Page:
Date of Award


Degree Name

Doctor of Education


Educational Leadership, Research and Technology

First Advisor

Dr. Edgar Kelley

Second Advisor

Dr. Robert Brinkerhoff

Third Advisor

Dr. David Blomquist


The purpose of this study was to investigate the relationship between school readiness placement and student achievement. A descriptive comparison in first grade of the three student groups placed in kindergarten (K, n = 194), developmental kindergarten (DK, n = 58) or waived to kindergarten (WK, n = 25) was completed.

Math and reading scores on the Iowa Test of Basic Skills (ITBS) were analyzed through an analysis of variance and Tukey/Kramer post hoc analysis. The relationship between level of education of the mother (LEM) and total reading and math ITBS scores was measured with a Pearson product-moment correlation coefficient. The coefficient of determination was computed to determine the proportion in variance in LEM associated with variance in ITBS scores. The parents of students waived to kindergarten were contacted by telephone and asked to participate in an interview to identify why the child was requested to be placed in kindergarten and what placement would they choose given the choice today. Responses were coded.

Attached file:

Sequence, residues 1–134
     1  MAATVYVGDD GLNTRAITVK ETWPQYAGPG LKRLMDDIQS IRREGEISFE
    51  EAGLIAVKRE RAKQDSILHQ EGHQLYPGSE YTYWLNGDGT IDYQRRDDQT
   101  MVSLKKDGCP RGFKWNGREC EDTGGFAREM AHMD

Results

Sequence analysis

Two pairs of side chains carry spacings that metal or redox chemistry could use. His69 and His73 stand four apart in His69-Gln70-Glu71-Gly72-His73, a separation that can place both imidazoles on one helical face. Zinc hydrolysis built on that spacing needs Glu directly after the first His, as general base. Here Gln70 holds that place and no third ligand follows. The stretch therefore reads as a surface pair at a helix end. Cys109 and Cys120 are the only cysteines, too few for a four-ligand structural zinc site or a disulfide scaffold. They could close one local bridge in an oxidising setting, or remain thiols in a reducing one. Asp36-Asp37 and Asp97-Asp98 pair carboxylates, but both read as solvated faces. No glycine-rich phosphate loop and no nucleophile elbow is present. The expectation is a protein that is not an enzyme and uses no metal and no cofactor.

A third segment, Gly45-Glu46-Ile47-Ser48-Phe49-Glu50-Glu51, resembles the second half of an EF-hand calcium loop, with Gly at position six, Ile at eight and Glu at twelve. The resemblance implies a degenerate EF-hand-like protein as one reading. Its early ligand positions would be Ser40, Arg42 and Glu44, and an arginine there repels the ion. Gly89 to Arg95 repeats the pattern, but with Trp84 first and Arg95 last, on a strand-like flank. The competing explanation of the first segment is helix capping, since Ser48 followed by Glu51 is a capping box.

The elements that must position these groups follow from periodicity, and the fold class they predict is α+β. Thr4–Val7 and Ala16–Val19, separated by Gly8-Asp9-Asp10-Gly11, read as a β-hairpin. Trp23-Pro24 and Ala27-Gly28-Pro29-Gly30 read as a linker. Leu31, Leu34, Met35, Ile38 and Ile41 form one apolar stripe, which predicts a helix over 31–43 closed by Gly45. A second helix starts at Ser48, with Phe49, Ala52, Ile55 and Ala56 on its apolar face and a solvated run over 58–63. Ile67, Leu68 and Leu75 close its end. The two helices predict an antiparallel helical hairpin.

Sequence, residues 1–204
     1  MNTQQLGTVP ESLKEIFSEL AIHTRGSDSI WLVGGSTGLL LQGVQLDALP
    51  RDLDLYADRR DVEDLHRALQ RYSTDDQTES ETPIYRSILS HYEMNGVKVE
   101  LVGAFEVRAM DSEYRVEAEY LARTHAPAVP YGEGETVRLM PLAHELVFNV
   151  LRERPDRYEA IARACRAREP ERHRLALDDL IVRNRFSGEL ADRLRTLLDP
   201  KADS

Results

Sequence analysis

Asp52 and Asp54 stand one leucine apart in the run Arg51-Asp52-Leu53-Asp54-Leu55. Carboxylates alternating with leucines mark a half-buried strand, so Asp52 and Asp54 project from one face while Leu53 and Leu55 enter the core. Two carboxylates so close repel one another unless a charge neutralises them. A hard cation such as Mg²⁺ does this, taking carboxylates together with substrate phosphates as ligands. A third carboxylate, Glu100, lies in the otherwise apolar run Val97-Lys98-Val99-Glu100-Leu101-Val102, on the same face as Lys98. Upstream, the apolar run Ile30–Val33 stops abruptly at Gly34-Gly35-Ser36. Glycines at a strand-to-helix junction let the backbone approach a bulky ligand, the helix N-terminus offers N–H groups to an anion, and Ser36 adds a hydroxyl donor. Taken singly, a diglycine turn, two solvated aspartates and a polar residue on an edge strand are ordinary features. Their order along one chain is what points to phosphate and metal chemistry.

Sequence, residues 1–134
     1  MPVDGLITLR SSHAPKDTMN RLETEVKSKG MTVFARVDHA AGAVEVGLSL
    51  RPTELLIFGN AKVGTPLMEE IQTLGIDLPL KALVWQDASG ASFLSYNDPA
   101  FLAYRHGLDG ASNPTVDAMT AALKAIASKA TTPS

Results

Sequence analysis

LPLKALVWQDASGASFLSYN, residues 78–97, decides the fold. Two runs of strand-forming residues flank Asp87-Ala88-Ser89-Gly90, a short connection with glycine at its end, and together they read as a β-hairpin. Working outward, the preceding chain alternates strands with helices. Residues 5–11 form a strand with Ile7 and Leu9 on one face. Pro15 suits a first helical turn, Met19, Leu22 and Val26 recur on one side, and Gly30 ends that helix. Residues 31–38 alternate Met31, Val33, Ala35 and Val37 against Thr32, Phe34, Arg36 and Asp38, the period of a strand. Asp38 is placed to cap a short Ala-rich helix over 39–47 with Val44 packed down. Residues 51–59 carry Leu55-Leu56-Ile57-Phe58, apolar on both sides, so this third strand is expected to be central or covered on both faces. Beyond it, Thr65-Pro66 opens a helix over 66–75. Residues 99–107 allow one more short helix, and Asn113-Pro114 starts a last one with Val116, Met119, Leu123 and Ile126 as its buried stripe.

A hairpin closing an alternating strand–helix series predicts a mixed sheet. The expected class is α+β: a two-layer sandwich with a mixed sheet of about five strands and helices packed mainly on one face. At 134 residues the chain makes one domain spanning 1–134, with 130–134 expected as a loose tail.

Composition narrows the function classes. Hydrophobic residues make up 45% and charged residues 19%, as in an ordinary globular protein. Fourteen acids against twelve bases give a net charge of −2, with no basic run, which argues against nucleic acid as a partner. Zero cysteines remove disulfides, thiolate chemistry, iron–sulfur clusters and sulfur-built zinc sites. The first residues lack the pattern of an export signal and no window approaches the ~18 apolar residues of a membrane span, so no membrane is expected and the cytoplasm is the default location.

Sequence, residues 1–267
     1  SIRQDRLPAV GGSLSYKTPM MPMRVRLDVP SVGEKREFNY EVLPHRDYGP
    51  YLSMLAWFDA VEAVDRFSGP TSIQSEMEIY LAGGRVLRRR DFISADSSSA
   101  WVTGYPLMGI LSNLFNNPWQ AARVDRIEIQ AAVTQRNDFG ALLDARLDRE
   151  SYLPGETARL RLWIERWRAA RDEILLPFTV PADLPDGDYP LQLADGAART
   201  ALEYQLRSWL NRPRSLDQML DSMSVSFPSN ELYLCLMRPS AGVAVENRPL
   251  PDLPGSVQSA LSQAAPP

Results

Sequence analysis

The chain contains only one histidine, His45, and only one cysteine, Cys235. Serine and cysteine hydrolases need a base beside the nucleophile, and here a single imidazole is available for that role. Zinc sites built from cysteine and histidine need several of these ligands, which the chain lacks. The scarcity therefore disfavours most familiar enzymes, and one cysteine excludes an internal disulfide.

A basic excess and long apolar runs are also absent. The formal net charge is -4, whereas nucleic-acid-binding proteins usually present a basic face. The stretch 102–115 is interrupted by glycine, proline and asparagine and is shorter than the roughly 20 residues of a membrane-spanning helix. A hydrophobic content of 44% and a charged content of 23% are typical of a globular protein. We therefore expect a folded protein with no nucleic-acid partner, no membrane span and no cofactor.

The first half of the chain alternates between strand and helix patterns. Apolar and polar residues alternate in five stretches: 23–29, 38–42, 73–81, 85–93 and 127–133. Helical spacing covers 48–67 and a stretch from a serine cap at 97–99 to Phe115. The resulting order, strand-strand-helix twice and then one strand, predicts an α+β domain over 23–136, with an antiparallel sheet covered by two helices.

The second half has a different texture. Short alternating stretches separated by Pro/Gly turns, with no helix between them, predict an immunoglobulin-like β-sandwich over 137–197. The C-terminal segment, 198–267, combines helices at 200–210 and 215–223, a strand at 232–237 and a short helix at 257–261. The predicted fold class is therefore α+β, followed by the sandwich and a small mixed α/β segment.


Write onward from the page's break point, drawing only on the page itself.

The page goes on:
Seven hypotheses were tested in this study; six were rejected (p $<$.05, p $<$.01). Six hypotheses were related to student achievement in reading and math among the three groups of students in K, DK, and WK, and one hypothesis related to educational level of the mother and student achievement. Three hypotheses related to differences among groups in math achievement were rejected. Two of the three hypotheses related to reading performance among groups were rejected. The hypothesis related to the educational level of the mother was rejected. The only hypothesis that was confirmed stated that students placed in K scored significantly higher (p $<$.05, p $<$.01) than WK students in reading. Based on the findings of this study, there is no reason to believe the DK program made any difference in student achievement.

The DK program also was reviewed to determine the degree to which it met the 30 standards for program evaluation stated by the Joint Committee on Standards for Education Evaluation (1981) in The Standards for Evaluation of Education Programs, Projects and Materials. Twenty-two standards (73%) were met and 8 standards (27%) were partially met. The standard least frequently met was plans for evaluation.

Access Setting

Dissertation-Open Access